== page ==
November 24th - I enjoyed today’s ride more than I was expecting to. When I left home, it was cold and the air was murky. For some reason, the chill didn’t seem to get to me today - I just wrapped up warm and went for it. The leaves are beautiful now - this is the kind of scene I always expect in late October, but doesn’t seem to happen until later. I shot around Hilton, Wall Butts, Chesterfield, Shenstone, Weeford and Hints. From there, I dropped onto the canal at Hopwas and returned via Whittington and Wall. Between Weeford and Hints, I cycled Dog Lane, a green lane I try to ride at least once a year. The colours were great, and had this been a sunny afternoon, would have been stunning.

If you get chance this week, go for a walk in your nearest countryside, before the next big winds. It’s gorgeous.

November 23rd - I hit Chasewater for the sunset, which looked to be pretty decent, but sadly, wasn’t as great as I’d hoped. The light was good though, the park pretty much deserted. The gull roost - despite the last few boats only just leaving the water - was absolutely huge, with what must have been thousands of birds bobbing on the lake. I even saw an angler - the first I’ve seen on the main body of water since the reservoir refilled. It’s still a wonderful place to be, more so now the park has recovered.

The street light through that footbridge still fascinates me. It’s like a portal.

November 22nd - Passing through Aldridge on the canal on my way home, the scent of woodsmoke was never far away. There are few things better than seeing an occupied narrowboat with a nicely smoking chimney. The sight and smell are a joy to behold - and the whole scene was set off beautifully by the autumn colours.

November 18th - I left for work a little early today, I took the backlanes for a change. Despite the grey, overcast weather, they were beautiful in late autumn colours. A good wind now, and these trees will be stripped of their last leaves.It really is gorgeous out there at the moment.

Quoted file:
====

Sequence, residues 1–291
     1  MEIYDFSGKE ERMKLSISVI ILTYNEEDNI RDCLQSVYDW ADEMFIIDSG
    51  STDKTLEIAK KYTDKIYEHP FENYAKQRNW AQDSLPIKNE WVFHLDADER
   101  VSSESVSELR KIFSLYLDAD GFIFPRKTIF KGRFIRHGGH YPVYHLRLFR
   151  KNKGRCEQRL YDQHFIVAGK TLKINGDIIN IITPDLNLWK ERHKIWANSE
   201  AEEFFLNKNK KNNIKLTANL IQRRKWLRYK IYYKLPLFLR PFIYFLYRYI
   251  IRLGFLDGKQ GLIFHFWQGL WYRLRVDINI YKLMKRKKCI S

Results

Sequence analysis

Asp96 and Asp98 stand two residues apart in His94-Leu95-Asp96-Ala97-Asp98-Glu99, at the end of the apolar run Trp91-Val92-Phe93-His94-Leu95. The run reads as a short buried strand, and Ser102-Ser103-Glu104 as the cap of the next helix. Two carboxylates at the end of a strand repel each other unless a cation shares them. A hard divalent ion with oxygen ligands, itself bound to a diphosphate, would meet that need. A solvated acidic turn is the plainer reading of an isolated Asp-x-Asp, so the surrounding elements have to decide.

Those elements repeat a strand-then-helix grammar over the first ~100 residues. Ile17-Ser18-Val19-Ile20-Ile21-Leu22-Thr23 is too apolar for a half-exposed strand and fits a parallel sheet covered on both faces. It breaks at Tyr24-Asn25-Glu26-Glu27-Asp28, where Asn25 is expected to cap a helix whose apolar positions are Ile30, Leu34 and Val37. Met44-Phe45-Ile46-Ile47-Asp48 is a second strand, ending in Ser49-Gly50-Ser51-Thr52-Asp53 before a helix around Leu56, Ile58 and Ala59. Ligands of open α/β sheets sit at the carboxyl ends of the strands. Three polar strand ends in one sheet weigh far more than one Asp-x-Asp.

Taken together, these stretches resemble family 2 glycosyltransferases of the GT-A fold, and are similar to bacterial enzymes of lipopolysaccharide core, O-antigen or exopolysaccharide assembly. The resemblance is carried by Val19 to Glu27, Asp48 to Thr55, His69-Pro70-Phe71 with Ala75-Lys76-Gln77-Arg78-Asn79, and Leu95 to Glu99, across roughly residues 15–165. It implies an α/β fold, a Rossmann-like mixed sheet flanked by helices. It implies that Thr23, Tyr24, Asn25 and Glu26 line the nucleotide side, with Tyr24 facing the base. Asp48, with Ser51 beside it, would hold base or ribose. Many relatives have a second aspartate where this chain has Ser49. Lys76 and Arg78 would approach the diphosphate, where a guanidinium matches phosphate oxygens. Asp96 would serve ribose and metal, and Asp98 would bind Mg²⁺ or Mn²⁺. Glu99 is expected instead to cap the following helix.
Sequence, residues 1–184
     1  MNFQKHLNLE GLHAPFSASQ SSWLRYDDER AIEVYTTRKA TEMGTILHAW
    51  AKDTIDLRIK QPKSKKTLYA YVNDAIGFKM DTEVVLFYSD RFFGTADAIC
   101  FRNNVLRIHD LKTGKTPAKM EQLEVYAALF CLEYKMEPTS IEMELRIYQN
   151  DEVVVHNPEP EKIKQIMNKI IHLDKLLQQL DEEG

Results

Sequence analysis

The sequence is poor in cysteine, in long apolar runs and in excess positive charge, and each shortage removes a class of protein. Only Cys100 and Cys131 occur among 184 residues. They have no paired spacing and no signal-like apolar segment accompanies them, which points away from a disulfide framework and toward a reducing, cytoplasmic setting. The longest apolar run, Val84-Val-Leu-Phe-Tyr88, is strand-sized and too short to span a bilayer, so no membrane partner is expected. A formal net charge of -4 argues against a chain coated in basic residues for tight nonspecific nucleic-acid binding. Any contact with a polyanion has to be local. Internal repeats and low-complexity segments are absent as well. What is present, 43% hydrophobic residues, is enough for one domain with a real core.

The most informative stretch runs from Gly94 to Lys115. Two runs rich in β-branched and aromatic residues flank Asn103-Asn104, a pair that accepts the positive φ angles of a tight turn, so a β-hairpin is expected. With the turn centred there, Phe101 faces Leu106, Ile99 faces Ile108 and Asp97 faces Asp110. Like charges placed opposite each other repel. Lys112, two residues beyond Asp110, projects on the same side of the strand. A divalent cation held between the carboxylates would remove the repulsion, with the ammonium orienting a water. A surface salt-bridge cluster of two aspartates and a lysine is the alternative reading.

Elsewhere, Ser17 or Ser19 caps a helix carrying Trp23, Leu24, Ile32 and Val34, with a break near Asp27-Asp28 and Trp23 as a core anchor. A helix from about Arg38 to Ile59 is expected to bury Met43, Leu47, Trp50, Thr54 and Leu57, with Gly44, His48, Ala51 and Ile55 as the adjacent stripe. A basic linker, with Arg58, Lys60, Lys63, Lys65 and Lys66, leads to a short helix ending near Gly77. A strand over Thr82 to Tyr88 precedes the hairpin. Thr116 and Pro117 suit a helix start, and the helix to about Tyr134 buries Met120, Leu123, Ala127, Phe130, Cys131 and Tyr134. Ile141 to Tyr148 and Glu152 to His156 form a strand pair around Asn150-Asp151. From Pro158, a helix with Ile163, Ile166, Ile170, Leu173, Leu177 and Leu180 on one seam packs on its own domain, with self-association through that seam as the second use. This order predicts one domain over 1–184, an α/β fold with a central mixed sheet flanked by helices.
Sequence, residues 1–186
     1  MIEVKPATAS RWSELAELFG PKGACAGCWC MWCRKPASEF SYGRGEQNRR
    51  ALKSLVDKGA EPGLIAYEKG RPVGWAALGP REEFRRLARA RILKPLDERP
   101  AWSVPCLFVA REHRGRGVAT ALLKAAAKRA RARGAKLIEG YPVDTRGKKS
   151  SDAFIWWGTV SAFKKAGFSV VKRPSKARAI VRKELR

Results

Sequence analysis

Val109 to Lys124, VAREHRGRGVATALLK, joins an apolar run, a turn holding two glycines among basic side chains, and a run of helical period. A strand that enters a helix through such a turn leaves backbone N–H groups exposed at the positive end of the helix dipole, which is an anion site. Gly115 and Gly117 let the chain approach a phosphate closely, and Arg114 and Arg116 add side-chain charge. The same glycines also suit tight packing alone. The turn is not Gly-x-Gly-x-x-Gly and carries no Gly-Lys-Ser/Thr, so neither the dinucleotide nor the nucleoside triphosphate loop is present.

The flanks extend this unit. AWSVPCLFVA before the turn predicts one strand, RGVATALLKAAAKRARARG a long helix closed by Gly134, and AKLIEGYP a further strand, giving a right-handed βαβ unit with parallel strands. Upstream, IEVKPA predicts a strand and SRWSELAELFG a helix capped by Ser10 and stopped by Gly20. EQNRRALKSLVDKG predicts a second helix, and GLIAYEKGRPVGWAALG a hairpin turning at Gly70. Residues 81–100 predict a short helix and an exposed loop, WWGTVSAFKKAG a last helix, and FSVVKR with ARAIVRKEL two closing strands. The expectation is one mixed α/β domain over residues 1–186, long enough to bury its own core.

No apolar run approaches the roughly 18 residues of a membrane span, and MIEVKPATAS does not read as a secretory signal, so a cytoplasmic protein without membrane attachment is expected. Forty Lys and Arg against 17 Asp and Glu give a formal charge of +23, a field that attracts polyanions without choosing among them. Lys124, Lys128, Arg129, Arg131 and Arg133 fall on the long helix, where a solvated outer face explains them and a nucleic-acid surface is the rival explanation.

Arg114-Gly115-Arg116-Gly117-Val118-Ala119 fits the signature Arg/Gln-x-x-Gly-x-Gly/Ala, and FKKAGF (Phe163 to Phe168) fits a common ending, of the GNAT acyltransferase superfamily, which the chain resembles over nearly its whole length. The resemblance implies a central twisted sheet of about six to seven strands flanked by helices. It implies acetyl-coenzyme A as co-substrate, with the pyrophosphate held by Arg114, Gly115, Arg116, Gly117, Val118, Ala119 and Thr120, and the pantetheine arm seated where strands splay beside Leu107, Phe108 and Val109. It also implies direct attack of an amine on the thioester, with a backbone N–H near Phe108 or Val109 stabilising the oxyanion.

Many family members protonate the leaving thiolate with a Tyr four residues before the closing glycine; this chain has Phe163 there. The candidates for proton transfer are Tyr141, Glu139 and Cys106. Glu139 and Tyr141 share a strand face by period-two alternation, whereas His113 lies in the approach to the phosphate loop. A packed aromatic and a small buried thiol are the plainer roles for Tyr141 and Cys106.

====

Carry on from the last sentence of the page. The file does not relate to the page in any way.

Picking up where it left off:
November 11th - The weather is stuck in repeat. A lousy, wet and heart-in-mouth commute to Darlaston, and I hopped onto the canal as soon as I could. The roads were mad today, really, truly awful.

The rain varied between a light drizzle and very heavy, and  was again glad of good waterproofs. Twice I stopped for shelter under bridges. The autumn colour is gorgeous, but I’d love to see a bit more of yesterday’s sun rather than this endless rain we seem to be cursed with tis last couple of weeks.

November 10th - I was still tired, and it took me a long time to get moving, but it was a gorgeous afternoon. I headed to Hopwas Hays Wood, again to test my mettle on the downhill there that fascinates me. On the way through, I stopped at Wall in a gorgeous golden hour. I studied for the first time the new milepost erected there in 2012. It’s an impressive thing, but like a lot of statuary these days, it’s so inoffensive, I don’t really see the point; commemorating the Queen as it does, it’s neither historically accurate or informative, but the carving is lovely. On the post’s crown, a last ladybird seemed to be enjoying the sun. I hope it found somewhere decent to hibernate. 

The real star of Wall for me is not Roman but Victorian - the church, with it’s gorgeous, well-kept terraced churchyard. It’s always peaceful here, and the golden light rendered the light Sandstone church and all else it touched golden.